“I’ve been on the stage before for dance but not necessarily for theatre,” she said. “I did ‘High School Musical’ when I was in high school, but it's different because at school you audition and there’s usually a part for you somewhere, whereas in the community — sometimes there is and sometimes there isn’t.”

And her move to the spotlight has seemed to be a positive experience thus far.

“I wanted to do all of that and I wanted to try it myself and it’s been amazing,” she said.

She attributes “amazing artists” around her such as theatre professional and pianist Jordan-Blake Key, music director Jennifer Wiggins and Carolyn Greer, OHS theatre director and director of the school's The Rose Curtain Players that have kept her involved.

“Even though I wasn’t on stage, I was still on creative teams,” Morris said. “I am a sponge — I like to soak up everything I see even if it’s not meant for me. …I would use it to help teach because a lot of the acting cues you can use heavily in dance; and so thinking about what it takes to embody a character, you can display that in dance. That’s something I feel like I’ve learned and I’ve shaped for my craft.”

Morris is keeping up her performance chops when she decided to enroll herself in vocal lessons last year and she is currently in tech week for Encore’s production of Disney's "Beauty and the Beast," which will begin showing July 16 in Cannon Hall at the RiverPark Center.

“The singing is a whole new level of breath support,” Morris laughed. “Trying to sing and do a really fast paced dance number is challenging to me but I love it.”

Morris also likes to keep her education roots intact by teaching the youth in the community through opportunities like RiverPark Center’s summer camps and its Theatre Arts Academy and enjoys seeing how far the students come in a short amount of time.

“For the junior camp, it’s one week,” Morris said. “So in five days, to see them not know how to stretch and warm-up to putting on a performance — that is such a big accomplishment for them and I really just love that growth over the week.”

Additionally, Morris uses her platform in the arts community as a way to bring more awareness to diversity — something that was important to her and her family during her upbringing.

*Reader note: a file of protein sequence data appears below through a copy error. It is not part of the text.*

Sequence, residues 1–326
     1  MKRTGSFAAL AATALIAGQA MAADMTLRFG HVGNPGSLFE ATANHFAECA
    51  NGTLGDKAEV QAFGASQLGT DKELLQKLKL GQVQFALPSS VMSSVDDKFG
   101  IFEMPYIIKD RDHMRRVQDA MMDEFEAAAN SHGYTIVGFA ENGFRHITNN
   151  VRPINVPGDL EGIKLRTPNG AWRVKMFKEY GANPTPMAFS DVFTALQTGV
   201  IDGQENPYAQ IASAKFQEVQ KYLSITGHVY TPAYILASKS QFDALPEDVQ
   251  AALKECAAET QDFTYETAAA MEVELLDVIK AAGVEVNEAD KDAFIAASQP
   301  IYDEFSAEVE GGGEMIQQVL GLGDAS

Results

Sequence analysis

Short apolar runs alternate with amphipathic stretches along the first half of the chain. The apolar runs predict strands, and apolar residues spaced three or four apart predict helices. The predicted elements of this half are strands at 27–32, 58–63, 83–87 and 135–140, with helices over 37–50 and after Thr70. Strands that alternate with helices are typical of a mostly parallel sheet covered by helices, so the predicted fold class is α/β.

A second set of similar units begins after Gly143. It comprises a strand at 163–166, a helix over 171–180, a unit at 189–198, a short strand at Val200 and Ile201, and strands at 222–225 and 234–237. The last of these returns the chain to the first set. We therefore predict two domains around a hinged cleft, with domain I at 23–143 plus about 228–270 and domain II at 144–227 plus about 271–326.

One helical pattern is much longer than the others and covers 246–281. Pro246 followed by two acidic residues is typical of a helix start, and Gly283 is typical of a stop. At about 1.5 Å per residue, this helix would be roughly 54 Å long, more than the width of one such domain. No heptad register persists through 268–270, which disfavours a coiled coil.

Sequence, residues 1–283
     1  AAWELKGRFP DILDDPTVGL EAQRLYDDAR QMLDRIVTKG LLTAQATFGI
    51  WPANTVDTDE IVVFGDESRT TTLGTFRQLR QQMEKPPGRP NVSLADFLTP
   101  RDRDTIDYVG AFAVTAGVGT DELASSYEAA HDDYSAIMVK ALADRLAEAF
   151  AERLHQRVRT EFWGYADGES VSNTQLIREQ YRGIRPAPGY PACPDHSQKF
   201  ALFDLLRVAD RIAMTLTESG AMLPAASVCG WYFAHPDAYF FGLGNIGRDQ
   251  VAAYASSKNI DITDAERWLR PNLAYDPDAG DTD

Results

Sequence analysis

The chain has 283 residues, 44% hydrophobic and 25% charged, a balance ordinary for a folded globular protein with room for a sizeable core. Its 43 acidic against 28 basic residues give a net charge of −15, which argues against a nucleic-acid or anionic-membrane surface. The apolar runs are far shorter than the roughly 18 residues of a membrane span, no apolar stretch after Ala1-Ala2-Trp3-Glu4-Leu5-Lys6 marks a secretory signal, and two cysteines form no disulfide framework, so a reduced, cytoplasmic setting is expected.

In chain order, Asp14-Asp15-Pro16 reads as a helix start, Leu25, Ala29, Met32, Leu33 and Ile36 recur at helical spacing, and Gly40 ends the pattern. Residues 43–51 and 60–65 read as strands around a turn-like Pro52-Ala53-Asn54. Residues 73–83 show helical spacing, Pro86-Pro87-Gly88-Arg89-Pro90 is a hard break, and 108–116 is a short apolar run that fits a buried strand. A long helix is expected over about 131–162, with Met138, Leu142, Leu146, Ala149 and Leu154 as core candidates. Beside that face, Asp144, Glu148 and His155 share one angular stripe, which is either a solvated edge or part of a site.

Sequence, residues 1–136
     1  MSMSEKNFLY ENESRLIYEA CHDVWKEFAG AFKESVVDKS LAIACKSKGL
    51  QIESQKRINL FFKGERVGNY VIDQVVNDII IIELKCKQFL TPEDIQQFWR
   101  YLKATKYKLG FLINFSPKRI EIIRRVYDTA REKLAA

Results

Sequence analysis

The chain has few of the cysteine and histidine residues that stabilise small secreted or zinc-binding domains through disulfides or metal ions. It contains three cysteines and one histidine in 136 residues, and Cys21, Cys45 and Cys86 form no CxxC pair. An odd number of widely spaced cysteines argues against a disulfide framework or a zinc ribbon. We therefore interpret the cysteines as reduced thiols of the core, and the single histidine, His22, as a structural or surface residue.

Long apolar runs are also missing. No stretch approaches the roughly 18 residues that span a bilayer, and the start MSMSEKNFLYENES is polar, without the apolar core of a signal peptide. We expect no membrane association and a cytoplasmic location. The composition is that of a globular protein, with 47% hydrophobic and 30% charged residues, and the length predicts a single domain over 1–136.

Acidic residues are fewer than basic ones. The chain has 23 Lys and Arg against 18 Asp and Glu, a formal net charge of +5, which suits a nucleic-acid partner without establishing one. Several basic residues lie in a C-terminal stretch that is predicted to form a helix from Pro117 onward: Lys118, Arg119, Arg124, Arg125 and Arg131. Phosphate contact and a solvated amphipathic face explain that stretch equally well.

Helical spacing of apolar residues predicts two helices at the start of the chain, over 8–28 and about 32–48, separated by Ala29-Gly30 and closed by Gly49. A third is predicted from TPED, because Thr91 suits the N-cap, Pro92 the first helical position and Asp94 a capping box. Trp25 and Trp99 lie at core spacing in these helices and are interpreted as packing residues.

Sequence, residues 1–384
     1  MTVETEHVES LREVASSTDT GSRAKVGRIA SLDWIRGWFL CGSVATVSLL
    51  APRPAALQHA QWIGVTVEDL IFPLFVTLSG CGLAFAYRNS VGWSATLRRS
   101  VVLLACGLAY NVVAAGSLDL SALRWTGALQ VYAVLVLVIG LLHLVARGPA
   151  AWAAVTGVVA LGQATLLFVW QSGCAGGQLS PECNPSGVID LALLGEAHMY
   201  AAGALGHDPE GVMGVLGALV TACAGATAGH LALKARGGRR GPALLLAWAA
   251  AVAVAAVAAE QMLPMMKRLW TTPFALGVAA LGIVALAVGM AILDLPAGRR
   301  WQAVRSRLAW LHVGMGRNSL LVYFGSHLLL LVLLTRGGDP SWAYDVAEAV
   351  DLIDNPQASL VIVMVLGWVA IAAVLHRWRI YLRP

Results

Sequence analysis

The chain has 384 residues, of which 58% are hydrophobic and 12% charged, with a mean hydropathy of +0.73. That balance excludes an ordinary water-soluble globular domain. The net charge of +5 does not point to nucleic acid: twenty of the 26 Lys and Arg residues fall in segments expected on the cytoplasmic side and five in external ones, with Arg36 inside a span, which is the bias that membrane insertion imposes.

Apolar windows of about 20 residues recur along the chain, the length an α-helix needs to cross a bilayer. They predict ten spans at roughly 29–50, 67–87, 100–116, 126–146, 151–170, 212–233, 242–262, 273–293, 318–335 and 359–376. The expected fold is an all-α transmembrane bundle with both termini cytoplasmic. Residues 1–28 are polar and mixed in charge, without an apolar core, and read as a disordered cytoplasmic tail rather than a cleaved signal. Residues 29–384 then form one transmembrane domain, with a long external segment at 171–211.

“My mom really wanted (my brother and I) to have things that we can learn about culture,” she said. “...They didn’t have Asian baby dolls so she would get black-haired baby dolls or brown hair that somewhat looked like me.”

With the release of movies such as Disney’s “Mulan” and “Pocahontas,” Morris was finally able to witness characters that were similar to her in terms of being of different backgrounds and ethnicities that weren’t seen much on screen.

She also found inspiration through people she looked up to in the sports world such as Olympic gold medalist figure skater Michelle Kwan followed by actress Lucy Liu.

Morris said that inclusion locally has come a long way since growing up in Owensboro.

“Just looking at the population in general, especially at Owensboro High School, it’s so different than when I was there because I was one of the five Asian people,” she said. “...Just going to schools now and going into the programs like the (RiverPark Center’s art camps) … and seeing all of the kiddos of color — it is so nice. You can just tell a huge difference from where we started and where we’re at now.”

She wants to continue to promote its importance, especially to the younger generation.

“In the arts especially, there’s not a lot of diversity … and I try my best to inform everyone I know of what’s coming up, what they can audition for, what they can send their kids in for,” Morris said. “Anyone and everyone — it really is a community.”

And the overall education component in all facets is what keeps Morris motivated to continue.

“I’m a lifelong learner. I love to learn,” Morris laughed. “I hear all these talented musicians and I see all these talented dancers and I’m like, ‘I really want to learn from the best’ and I want to be able to teach that way too.”

(1) comment

Denver Block